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Just a simple JS script
What am I doing wrong???
circuitjump




msg:1475170
 4:28 pm on Jan 23, 2002 (gmt 0)

Here is the code

<script type="text/javascript">
<!---
var cookieVar = "OneTwo"

If (cookieVar == "OneTwo")
{
document.write ("Great!")
}
elseif (cookVar != "OneTwo")
{
document.write ("Not so Great")
}
//--->
</script>

But I keep getting errors, specifically the "Object Expected".

Thanks for any help offered,
I appreciate it. :)

 

circuitjump




msg:1475171
 4:57 pm on Jan 23, 2002 (gmt 0)

Found silly me forgot to put ;

at this line
var cookieVar ="OneTwo";

txbakers




msg:1475172
 9:38 pm on Jan 23, 2002 (gmt 0)

You also put "cookVar" instead of "cookieVar" in your else if clause.

that would cause an object error.

joshie76




msg:1475173
 9:08 am on Jan 24, 2002 (gmt 0)

Javascript is very case sensitive - it should be if not If. You also use elseif; this is invalid JS syntax and should be replaced with else if.

It should work then.

Also, as your if/else if is mutually exclusive you can just write:

if (cookieVar == "OneTwo")
{
document.write ("Great!")
}
else
{
document.write ("Not so Great")
}

circuitjump




msg:1475174
 3:07 pm on Jan 24, 2002 (gmt 0)

thanks everyone. JS is not hard to learn but a pain. I'm used to coding with PHP. Which is a good server-side lang to learn by the way! (;)wink ;)wink) But getting into JS it's like starting all over again. I just keep pulling my hair till I eventually get it right.

OK I did'nt have to rant a rave so much. But sometimes you got to let it off your chest, you know? :)

Xoc




msg:1475175
 3:49 pm on Jan 24, 2002 (gmt 0)

Also the braces are optional. The if and else take one line. That line can be made compound by using the braces. But if you have only one line, the braces are optional. That makes it:

if (cookieVar == "OneTwo")
document.write ("Great!")
else
document.write ("Not so Great")

(wmw removes spaces at the start of the line, but you'd want to indent for readability)

circuitjump




msg:1475176
 4:02 pm on Jan 24, 2002 (gmt 0)

This is neat. I'm learning JS from you guys and I understand you all better then some of this darn books I'm reading on it.

Who would have thought JS could be this much FUN!!!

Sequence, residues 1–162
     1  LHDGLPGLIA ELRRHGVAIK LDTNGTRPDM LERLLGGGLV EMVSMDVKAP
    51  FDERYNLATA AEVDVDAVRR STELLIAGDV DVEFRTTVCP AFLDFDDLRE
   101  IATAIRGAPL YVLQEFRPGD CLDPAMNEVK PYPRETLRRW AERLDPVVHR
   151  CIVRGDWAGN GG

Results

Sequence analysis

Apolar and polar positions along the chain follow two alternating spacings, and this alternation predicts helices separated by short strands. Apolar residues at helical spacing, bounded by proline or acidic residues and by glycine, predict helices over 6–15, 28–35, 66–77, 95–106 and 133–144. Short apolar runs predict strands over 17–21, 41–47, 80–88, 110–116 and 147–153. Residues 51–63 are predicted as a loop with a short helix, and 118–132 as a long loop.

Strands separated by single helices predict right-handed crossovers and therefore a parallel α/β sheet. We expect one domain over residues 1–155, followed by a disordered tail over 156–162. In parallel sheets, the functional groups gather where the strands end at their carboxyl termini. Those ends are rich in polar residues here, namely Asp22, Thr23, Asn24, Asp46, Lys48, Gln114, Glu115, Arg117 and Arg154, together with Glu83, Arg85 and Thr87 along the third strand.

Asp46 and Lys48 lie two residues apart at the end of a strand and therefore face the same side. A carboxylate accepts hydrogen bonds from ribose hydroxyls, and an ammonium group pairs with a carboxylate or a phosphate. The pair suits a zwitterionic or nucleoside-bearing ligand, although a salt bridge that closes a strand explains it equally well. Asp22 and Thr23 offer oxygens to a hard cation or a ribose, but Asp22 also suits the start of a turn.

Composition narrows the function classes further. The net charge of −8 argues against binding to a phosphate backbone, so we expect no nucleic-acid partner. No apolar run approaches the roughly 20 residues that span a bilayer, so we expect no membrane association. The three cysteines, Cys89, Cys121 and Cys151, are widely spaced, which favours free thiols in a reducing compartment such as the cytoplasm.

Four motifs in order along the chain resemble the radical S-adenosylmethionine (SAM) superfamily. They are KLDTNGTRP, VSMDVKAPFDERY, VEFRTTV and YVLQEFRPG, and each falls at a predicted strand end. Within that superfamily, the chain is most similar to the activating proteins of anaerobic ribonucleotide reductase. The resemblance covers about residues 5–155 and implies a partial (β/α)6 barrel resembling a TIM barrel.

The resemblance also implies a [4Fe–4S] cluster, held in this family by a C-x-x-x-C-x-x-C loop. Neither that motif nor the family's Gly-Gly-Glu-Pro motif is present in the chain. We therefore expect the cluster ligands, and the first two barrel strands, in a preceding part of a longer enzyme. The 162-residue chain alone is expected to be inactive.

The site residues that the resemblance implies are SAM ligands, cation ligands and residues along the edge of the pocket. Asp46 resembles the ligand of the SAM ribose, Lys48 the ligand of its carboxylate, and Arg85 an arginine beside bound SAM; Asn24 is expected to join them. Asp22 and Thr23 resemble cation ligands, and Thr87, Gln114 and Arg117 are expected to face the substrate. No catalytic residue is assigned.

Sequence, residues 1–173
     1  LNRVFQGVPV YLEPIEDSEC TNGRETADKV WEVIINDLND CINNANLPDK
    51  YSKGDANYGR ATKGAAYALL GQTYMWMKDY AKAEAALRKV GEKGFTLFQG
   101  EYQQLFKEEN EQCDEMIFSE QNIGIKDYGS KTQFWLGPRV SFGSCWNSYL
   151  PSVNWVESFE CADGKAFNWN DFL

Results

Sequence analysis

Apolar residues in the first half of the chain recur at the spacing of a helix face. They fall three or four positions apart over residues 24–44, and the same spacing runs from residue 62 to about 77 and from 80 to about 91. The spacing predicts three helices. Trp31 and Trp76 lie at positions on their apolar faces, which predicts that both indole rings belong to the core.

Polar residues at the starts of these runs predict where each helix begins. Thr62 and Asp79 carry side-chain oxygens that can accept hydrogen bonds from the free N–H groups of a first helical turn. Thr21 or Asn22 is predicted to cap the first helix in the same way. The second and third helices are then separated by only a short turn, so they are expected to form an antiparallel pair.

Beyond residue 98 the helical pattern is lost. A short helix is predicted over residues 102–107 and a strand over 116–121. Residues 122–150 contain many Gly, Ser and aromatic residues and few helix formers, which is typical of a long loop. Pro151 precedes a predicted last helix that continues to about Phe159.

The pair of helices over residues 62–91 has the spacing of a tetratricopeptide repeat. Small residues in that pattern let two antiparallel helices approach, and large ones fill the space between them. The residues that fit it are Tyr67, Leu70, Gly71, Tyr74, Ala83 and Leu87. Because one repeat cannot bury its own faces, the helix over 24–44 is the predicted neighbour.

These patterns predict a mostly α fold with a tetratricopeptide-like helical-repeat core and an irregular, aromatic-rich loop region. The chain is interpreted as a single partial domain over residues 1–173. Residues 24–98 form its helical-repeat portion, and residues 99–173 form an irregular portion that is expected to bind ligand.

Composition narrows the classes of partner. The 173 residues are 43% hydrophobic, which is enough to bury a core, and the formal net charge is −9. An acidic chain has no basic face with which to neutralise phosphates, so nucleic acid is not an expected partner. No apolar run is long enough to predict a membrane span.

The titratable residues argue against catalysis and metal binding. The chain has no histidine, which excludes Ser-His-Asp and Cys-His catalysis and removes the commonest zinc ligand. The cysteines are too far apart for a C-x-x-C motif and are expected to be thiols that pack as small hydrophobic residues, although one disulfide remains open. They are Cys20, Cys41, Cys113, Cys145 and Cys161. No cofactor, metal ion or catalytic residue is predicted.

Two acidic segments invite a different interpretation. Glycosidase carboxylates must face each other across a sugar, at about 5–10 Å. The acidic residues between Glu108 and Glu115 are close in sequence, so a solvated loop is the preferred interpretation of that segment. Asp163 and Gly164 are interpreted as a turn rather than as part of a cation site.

Golly Gosh Gosh

circuitjump




msg:1475177
 4:07 pm on Jan 24, 2002 (gmt 0)

I'm sorry should have put this in my last post.

What book would you guys recommend on JS and why?

I'm not looking for something to simple, cause that usually leaves me thinking too much. Something with too much info is just crazy. I always learn with time. A book that is somewhat in between that would be ideal, just enough info to where I know whats going on, but not so little information that I am left thinking thinking too much about it.

Thanks

MaliciousDan




msg:1475178
 4:32 pm on Jan 24, 2002 (gmt 0)

I'd recommend leaving in the optional { and }, for readability. It's just to easy to make mistakes by leaving them out.

I'm not really sure who thought this rule would be a good idea, but it's a common rule among a lot of langauges (even strongly typed langauges where they make the least sense).

tedster




msg:1475179
 5:20 pm on Jan 24, 2002 (gmt 0)

I'd recommend the O'Reilly book. The new edition just came out in November and that makes it complete for the most recent standards.

This book is a reference, and not really a tutorial. I think the best way to learn js is to have some cut and paste scripts (the web is full of them - don't miss our generic javascript [webmasterworld.com] thread.) Then use an authoritative reference like O'Reilly to pull the code apart until it clicks for you.

<added>I just checked and the new 4th edition is on back order right now.</added>

txbakers




msg:1475180
 6:12 pm on Jan 24, 2002 (gmt 0)

I use both the O'Reilly Book - Javascript the Definitive Guide and the Javascript fr Professionals by WROX publishing.

Neither book has all the answers I need, so I usually flip between the two.

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